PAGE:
She was surrounded by a wild-looking band of men and women. The massive feline lay on the ground, unmoving and bloody. The group cheered and hooted as one young man raised a broken spear to the sky and cried out in triumph. Overhead, something that looked like a massive, mechanical dragonfly hovered, making a whirring noise. At first, Niara simply sat there on the ground, dazed. Her brain couldn’t seem to catch up with the scene unfolding around her.
She heard a groan and a low, feminine voice bit out a curse. Niara’s gaze swung around to the source of that voice. The heavy object that had crashed into her was a dark woman with a lithe, slightly muscular body. The woman’s straw-colored tunic, if you could call it that, stuck to her like a second skin. The coarsely woven material allowed for freedom of movement, it seemed. The top ended at the woman’s midriff. The bottom was a matching pair of leggings which ended just below the calves.
“Nicely done, Bait!” The woman sat up beside Niara and chuckled. Her voice went up a few decibels.
“Even a fangless cow from Boabab can be useful in the hunt.”
The other hunters responded with hoots and a smattering of laughter.
“Bait?” Niara spluttered. “Fangless cow?”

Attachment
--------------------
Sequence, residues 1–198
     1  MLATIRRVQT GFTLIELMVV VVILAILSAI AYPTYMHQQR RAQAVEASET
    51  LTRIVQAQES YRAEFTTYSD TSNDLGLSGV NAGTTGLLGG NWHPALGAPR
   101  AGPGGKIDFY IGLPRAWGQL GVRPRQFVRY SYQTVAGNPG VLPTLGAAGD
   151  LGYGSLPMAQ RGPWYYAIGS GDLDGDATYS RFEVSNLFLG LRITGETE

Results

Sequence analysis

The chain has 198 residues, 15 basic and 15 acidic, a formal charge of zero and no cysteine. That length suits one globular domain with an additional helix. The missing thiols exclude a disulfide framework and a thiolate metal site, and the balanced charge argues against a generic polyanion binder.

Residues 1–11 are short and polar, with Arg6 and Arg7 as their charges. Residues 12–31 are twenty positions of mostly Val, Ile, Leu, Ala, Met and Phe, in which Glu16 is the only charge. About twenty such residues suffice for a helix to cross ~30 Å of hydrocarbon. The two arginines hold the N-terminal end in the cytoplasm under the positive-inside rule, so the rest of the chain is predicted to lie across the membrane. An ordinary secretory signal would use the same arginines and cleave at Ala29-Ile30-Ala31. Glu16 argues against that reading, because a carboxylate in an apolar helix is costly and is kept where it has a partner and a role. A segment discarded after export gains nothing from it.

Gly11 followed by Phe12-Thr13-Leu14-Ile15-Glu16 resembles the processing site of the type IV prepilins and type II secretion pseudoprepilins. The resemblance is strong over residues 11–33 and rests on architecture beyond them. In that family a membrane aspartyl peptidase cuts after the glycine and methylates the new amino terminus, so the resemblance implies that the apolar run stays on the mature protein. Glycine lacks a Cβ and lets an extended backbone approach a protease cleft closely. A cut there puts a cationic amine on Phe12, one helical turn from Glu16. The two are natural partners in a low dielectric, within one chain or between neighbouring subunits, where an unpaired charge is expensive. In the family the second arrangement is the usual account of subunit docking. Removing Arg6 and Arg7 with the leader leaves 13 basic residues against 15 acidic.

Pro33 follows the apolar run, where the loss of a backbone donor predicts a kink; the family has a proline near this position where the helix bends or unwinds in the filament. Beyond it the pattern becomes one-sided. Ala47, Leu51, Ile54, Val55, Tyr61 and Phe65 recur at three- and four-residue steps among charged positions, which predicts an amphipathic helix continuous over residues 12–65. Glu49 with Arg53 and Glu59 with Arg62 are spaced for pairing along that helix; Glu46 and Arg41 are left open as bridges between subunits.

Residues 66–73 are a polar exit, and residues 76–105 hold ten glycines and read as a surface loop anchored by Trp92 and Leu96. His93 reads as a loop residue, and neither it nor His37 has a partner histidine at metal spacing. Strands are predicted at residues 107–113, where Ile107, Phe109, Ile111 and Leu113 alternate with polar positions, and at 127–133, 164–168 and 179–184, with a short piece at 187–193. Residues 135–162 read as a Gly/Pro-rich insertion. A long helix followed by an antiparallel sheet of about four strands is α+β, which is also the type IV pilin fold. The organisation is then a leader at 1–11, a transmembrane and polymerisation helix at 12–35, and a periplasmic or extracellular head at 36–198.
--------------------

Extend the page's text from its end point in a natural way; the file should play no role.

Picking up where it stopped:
“Got a death wish,” The woman turned her full gaze upon Niara. “Do you?”
The woman’s eyes were golden, fierce and beautiful like the eyes of the beast her companions had just felled and she spoke in earnest.
“Even a babe knows better than to act like prey in the bush.”
Niara didn’t have a valid comeback for that.
She sighed. “You’re right. I got careless. No death wish, though.”
“Good,” the woman’s face split into a smile. “Good!”
She sprang to her feet and extended a hand to help Niara to hers. “I am Wendi.”
“Niara,” the young priestess took the offered hand. “How do you know I came from Boabab?”
Wendi’s head tilted. “You have that look about you.”
“No,” Wendi grinned. “I recognize the tunic. How is Baba Gen these days?”
“A pity,” Wendi murmured.
The mechanical dragonfly touched down a few feet away. The side opened and a man came out. He trotted over towards the two women. He was a blindingly handsome sort, fair and golden haired. His eyes were an intense and deep blue.
“Wendi? You alright?” He asked worriedly.
“Ethan, this is Niara.” Wendi responded with a brief nod. “Niara, this is Ethan, my second-in-command.”
Ethan dipped his head towards Niara. “Boabab?”
“Yes, how did you—”
He grinned. “You just have that look about you.”
Wendi erupted into laughter.
“I take it you’re not a hunter?” He probed.
“Nope. Priestess, more like.”
“All alone in the bush?”
Niara blinked. “Is it that strange?”
“It is,” Wendi declared firmly. “Why are you even in our territory?”
“Believe it or not,” Niara answered, rummaging around in her belongings for Baba Gen’s map. “I think I came here looking for you.”
She handed the note with the ancient writing to Wendi. “Do you know what it says?”
Wendi stared down at the note. Her countenance darkened for an instant. When she looked back up at Niara. Her eyes were over-bright and strange. She handed the note to Ethan.
Ethan stared down at the note. “I’m not superstitious,” he muttered, “but isn’t this a sign?”
“It seems,” Wendi told Niara, “that we have much to talk about.”
“What does it say?” Niara prodded.
“It says,” Wendi answered, “that truth lies beyond the wall.”
Chapter 3 (Coming Soon)